33. If your offering is a service (as opposed to a standalone product), do not give it for free.  If people do not want to pay for a service, it means the need is not important enough.
  34. Till such time that you have found the product-market fit and have got paying customers, do not hire a sales person. Hiring sales people is a scale problem, not a discovery problem.
  35. It is usually good if your product idea comes to you because you are facing the problem yourself. This accelerates the validation of your assumptions and reduces the risk of making mistakes.
  36. Customers will buy the product if it solves their problem, not because you are good at selling. The product should be able to sell despite a poor sales experience.
  37. Getting the target customer right is very important.  Avlesh Singh of WebEngage initially felt that engineers were his customers as it would automate work for them and keep the marketing guys at bay.  But he realized that engineers were not buyers.   They didn’t have the budgets or business reasons or the willingness to buy their product.  However, the marketing folks were really interested in their product at it solved their business need.  They also had the budget and they could see return on investment.  It would also make them less dependent on their internal engineering teams. Pivoting the customer segment from ‘Developers’ to ‘Marketers’ was a major turning point in WebEngage’s journey.
  38. Pricing model should be based on customer’s perceived value, not on some technical aspect.  For example, instead of charging for number of HTTP requests, it might be better to charge based on number of surveys completed.
  39. Derive your price based on market dynamics (current manual cost or pricing of competition) and not on your incurred costs.   Build some differentiation in your offering and use that for price arbitrage.
  40. For techie founders, one thing that needs particular attention is that techies are highly opinionated and look at things in black and white.   We need to get over our strong views. One way to achieve this is by meeting and talking to different kinds of people and getting their perspectives.11268700366_a652a671ca_o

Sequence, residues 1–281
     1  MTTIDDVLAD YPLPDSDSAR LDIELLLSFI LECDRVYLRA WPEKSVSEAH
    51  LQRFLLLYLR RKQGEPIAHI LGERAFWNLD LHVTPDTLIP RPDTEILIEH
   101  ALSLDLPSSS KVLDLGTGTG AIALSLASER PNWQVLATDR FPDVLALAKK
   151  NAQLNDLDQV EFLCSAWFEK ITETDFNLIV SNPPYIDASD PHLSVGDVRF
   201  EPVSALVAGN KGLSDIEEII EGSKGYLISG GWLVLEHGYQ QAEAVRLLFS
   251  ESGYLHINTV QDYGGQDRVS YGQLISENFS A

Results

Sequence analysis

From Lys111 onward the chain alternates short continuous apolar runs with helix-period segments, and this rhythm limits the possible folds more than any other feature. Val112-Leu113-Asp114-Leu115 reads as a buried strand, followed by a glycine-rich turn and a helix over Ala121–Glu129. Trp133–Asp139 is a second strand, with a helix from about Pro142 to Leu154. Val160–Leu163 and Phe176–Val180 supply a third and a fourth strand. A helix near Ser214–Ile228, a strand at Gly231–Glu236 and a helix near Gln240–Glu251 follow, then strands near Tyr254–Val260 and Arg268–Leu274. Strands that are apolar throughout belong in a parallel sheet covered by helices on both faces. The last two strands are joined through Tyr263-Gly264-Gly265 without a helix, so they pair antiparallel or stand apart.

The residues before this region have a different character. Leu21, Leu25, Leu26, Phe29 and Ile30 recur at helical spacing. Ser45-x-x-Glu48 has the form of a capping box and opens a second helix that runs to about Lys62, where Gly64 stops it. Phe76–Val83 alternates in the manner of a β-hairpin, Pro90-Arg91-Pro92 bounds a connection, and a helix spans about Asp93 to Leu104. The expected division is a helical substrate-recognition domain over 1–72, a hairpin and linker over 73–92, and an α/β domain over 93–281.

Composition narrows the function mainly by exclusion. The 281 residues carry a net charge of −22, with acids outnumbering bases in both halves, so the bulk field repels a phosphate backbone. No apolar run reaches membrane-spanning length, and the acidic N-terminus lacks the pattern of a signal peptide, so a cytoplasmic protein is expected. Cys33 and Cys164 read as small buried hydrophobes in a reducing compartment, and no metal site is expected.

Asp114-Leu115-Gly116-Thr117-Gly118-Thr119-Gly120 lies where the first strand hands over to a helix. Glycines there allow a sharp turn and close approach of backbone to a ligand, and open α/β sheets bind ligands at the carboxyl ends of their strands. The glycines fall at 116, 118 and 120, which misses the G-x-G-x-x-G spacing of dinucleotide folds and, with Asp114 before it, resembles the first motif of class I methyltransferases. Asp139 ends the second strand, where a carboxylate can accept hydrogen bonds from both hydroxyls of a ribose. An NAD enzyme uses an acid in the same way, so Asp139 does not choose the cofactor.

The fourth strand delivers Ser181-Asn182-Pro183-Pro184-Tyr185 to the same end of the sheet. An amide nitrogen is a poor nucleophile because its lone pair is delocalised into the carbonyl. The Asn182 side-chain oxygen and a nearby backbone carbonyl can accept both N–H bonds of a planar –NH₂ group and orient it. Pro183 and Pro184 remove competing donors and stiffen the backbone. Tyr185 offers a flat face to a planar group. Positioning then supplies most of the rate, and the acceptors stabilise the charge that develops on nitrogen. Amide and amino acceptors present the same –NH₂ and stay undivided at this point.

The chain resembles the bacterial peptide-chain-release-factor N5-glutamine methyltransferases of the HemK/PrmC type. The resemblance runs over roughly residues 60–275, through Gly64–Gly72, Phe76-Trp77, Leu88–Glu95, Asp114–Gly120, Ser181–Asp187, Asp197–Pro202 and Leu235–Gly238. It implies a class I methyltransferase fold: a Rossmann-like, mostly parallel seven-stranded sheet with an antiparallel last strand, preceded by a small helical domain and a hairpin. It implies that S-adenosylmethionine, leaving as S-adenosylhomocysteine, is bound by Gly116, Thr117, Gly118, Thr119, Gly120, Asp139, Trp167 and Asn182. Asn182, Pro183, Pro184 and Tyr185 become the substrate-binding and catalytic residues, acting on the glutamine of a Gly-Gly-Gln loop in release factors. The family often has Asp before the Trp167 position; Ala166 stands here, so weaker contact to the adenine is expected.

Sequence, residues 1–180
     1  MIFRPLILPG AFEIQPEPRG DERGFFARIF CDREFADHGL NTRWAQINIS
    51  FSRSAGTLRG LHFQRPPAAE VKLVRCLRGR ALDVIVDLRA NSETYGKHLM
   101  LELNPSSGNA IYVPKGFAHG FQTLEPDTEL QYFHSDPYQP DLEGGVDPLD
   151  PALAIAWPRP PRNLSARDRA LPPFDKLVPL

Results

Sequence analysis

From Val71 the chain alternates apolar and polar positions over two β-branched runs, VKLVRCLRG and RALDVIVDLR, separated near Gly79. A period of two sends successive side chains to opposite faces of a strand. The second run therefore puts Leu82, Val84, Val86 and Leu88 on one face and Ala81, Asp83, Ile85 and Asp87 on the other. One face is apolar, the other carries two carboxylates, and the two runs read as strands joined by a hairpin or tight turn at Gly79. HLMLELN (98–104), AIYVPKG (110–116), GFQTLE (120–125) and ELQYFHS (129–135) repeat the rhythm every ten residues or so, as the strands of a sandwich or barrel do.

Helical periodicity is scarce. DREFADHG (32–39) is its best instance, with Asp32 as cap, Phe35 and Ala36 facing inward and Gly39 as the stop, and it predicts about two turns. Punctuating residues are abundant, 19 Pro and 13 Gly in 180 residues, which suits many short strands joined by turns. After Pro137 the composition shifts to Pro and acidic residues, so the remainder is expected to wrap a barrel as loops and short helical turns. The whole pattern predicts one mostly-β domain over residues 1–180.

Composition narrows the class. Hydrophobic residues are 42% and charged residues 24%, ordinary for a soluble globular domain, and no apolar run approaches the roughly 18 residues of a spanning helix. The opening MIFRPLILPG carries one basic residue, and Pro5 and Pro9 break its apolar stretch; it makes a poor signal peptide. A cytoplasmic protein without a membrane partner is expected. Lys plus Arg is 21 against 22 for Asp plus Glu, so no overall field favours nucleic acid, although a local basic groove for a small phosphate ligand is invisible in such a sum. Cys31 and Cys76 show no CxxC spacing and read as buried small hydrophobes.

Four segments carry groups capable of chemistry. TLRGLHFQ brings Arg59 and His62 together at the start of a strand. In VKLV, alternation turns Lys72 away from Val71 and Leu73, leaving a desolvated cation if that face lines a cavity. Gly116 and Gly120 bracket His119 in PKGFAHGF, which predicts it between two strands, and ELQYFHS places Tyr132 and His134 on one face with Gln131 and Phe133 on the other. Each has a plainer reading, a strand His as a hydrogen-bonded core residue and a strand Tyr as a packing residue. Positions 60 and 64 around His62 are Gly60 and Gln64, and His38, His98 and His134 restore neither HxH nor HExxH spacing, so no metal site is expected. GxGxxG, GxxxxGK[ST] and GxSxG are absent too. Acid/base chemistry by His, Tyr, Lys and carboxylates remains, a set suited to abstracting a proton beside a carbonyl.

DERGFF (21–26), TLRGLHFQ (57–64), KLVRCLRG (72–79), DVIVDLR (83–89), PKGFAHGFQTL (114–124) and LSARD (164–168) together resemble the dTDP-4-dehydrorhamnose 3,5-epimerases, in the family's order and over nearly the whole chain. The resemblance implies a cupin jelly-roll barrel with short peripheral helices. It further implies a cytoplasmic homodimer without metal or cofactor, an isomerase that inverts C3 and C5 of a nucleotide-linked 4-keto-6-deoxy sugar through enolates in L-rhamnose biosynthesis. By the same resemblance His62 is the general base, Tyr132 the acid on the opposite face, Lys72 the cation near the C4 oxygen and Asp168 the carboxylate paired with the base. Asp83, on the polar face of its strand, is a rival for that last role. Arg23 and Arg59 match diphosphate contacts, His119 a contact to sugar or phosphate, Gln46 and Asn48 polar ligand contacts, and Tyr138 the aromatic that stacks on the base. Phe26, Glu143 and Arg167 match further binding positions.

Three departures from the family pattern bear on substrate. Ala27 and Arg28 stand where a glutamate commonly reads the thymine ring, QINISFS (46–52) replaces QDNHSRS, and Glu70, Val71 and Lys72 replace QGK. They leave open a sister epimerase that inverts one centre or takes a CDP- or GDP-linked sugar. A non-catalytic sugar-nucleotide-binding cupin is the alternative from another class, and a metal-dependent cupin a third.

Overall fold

41. By writing good content on your blog site, you can attract customers and establish thought leadership.   If a person spends 8 to 10 minutes on your web-site, it is very likely that he will sign up for your free trial.
  42. Quora is a very good forum to attract customers.  Provide genuine answers without shamelessly promoting your product.  People hate it and you can also get blocked on Quora for directly promoting your product. One tip is to include your product name in your Quora user name – that way when people see your name, they see the name of your product too.
  43. What works for some other company might not work for you in your context.  There are several factors at play and it is difficult to figure out. The only way is to run various experiments and see what works.
  44. Think in terms of how the end user is going to use your product.  The human element is very important.  You must know your user well – really really well. Know the context in which the user is going to use the product – the user’s demographic, life style, social life, aspirations, work life schedule, how they work, and their aspirations. Create personas of the users.  There are free templates available online to create target personas.
  45. Feedback from users should shape the product.  It is common to see several bug fixes or new features between version to version. But rarely do we focus on customer delight as the focus of a release.  Customer delight should get more priority than new features.
  46. You must observe how the user uses the product to get a deeper understanding. If you ask customers pointed questions, they will give pointed answers and hence it is not very valuable.  Engineering, business development, product mgmt and UI teams should all experience first-hand how the user uses the product.
    1. Never ask customer what they need – instead observe what they do.
    2. Never ask for their feedback – instead watch them use it.
    3. Never just listen to what they say – instead observe their behaviour.
  47. There are free tools for capturing the user behaviour. They help you record the user experience through a web cam when they are using the product. Search for them online and evaluate for yourself.
  48. Sign up folks from your target segment. Call 5 folks on a Saturday and observe their behaviour with the product.
  49. Be frugal and save money. Do not splurge during initial days.
  50. Startup people have to be hands-on. Should be ready to roll up the sleeves and do all kinds of work.11268807103_4aa0e9f56f_o
  51. You have to persevere. You will hear a hundred “No”s before your first “Yes”.  Tip: People seldom refuse a cup of coffee.  Ask for that small coffee meeting. If the customer sees value in your offering, he will give you more time.
  52. Hiring good people is good. If they are good hearted, better.  Focus on getting a team that can run as fast as or faster than you.
  53. Luck is more important than competence.  Competence is a must, but you need luck also to be successful. There are several factors which are not in your control but can have a major impact on the outcome of your company.  However, you must run like the devil is behind you and not just wait for lady luck.  When a lucky event happens, you must analyze it to figure out why the lucky event happened.
  54. Sales, product management and engineering are three important pillars of a startup.  Ensure you have specific individuals who are tasked with each responsibility.  The same person can play multiple roles, but you must be clear on who is playing which role.